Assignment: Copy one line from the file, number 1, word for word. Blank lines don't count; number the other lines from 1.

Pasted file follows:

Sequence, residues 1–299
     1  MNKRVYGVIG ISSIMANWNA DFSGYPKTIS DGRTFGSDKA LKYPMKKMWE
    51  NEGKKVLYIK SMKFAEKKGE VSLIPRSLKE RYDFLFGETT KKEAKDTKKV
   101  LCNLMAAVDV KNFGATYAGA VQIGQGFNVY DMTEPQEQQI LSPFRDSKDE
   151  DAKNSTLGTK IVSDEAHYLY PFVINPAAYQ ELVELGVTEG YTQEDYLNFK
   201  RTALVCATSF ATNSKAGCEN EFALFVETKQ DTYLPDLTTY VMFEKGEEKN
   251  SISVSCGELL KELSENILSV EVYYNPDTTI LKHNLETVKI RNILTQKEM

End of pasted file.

Sequence, residues 1–299